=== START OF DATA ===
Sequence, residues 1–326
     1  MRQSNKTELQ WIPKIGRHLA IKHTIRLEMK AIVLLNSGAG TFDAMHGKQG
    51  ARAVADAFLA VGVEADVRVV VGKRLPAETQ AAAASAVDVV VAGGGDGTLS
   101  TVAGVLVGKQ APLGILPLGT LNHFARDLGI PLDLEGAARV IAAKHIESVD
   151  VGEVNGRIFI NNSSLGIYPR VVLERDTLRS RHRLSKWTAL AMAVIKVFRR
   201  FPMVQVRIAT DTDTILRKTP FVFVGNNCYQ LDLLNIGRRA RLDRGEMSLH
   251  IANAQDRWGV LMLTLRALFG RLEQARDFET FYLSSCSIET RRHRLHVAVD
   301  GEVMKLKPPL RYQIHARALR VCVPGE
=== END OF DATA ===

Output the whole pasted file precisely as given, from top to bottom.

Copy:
Sequence, residues 1–326
     1  MRQSNKTELQ WIPKIGRHLA IKHTIRLEMK AIVLLNSGAG TFDAMHGKQG
    51  ARAVADAFLA VGVEADVRVV VGKRLPAETQ AAAASAVDVV VAGGGDGTLS
   101  TVAGVLVGKQ APLGILPLGT LNHFARDLGI PLDLEGAARV IAAKHIESVD
   151  VGEVNGRIFI NNSSLGIYPR VVLERDTLRS RHRLSKWTAL AMAVIKVFRR
   201  FPMVQVRIAT DTDTILRKTP FVFVGNNCYQ LDLLNIGRRA RLDRGEMSLH
   251  IANAQDRWGV LMLTLRALFG RLEQARDFET FYLSSCSIET RRHRLHVAVD
   301  GEVMKLKPPL RYQIHARALR VCVPGE